Click on the IP address (do not click Finish Migration, this will remove the migration meta-data from Plesk and you will have to start the process over from the beginning).
You will see the sync completion screen that we saw earlier. It looks like this:
At the top, click List of Subscriptions then click Switch to Advanced Mode.
You will see a list of all subscriptions in your account. Check any subscription or all subscriptions that you are migrating and click the Re-Sync button at the top of the page.
It will prompt you to select which content you would like to re-sync, including business objects, website files, database data, and mail messages. You will most likely leave the default information checked which is website files, database data, and mail messages.
Any information that was changed from the initial sync until now will be updated to the current version if checked. If you have made changes on the destination that you do not want to be replaced, select your checkboxes accordingly.
Your subscriptions are now re-syncing all selected data to the destination server. You can watch this progress by going back to the Overview section of the Migrator Tool.
Now that all subscriptions have been re-synced, there are a few final steps to take before you are live.
First, update your database connection strings if necessary. Again, these should be pointing to your domain or your new server’s IP addresses. If you did not re-sync web files, the changes you made during testing would remain intact.
Now, update your DNS A records. You will want to go to your nameservers (e.g., Namecheap, GoDaddy or Liquid Web’s DNS management if you registered it through us) and update all A records for your domains to their new respective IP addresses. You can verify which IP addresses are configured to each domain by running the command from the Testing phase again or by navigating to Tools & Settings > IP Addresses and clicking on Sites for each IP to see what is assigned to it.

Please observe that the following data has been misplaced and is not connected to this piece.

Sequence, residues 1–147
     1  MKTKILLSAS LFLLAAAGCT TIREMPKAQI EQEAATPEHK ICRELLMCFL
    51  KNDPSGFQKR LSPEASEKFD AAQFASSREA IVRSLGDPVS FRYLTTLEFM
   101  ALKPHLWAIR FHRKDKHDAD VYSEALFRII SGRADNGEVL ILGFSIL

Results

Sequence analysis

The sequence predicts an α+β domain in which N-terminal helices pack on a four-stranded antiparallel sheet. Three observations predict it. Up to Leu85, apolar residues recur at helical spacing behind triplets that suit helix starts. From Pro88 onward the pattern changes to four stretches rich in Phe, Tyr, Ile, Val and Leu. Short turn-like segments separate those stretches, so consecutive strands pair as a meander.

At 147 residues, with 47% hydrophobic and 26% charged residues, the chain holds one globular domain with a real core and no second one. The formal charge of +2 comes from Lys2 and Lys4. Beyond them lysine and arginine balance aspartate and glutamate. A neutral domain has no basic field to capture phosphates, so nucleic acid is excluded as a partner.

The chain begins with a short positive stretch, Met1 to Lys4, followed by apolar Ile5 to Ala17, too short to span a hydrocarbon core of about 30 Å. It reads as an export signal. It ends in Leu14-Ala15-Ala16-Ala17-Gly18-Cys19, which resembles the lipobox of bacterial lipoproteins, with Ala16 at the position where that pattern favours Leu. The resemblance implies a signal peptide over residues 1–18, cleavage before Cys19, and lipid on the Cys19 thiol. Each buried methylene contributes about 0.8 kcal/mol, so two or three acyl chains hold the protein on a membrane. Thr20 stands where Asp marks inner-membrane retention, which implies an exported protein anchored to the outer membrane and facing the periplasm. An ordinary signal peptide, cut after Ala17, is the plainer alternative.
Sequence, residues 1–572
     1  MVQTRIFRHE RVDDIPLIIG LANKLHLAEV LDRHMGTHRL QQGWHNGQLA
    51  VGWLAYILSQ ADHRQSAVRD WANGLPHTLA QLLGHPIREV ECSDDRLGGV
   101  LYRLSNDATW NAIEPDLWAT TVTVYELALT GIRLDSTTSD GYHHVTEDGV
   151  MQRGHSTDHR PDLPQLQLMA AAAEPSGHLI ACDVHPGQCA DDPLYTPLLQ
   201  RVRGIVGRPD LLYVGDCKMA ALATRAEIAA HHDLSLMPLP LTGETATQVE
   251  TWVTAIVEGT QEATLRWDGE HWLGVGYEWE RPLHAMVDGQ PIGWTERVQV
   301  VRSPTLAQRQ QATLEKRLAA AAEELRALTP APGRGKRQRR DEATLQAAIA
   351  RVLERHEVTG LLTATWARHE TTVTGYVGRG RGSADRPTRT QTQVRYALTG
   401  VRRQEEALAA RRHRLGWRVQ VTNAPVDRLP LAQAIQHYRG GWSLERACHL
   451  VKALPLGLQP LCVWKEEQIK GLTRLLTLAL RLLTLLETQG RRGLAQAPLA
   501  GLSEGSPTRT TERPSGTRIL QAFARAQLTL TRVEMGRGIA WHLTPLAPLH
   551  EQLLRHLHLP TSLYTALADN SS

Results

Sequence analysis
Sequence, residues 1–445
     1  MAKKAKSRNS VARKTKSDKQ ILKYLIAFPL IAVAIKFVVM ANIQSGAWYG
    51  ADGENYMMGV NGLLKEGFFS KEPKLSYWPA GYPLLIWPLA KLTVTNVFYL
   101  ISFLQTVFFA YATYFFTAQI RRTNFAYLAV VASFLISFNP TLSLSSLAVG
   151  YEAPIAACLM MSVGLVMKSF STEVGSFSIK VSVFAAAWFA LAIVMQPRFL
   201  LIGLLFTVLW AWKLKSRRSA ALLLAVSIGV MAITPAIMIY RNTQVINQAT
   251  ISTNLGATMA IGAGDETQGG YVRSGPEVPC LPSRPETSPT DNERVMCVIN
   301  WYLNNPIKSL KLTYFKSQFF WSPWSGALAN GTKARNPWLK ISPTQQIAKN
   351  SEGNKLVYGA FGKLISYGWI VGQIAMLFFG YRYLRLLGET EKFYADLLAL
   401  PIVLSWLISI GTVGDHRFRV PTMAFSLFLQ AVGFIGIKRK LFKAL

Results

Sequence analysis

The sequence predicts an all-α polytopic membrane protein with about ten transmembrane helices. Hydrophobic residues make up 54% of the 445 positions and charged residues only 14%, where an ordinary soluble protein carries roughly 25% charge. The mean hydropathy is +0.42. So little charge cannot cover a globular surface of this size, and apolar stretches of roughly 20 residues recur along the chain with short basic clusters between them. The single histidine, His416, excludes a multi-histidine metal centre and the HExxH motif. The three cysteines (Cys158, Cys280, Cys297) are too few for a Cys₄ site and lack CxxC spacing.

Your DNS changes will take around 5-10 minutes to propagate globally with the lowered TTL values. You can check the status of the propagation by going to, for example, DNSChecker.org or WhatsMyDNS.net and entering your domains. You will see which IP address each location is using around the world and can watch them update in real time by refreshing the page.
Take a break! You have now completed your Plesk to Plesk Migration!
Once you are done, close the RPC agent command shell on the source server. When you have verified everything is working, you can remove the new firewall rule we created on the source server. You can remove this firewall rule by running the following command in the command prompt:
netsh advfirewall firewall delete rule name="Final_Sync_Block"
And really, that’s it! The Plesk Migrator tool makes the process of migrating entire Plesk installations to a new Plesk server, a walk in the park. While you may receive errors along the way, Plesk’s useful details will show you what errors are occurring and how to resolve them.
We hope your Plesk migration has gone smoothly! Compared to the traditional ways of migrating websites, Plesk does a fantastic job of making this easy for the end user.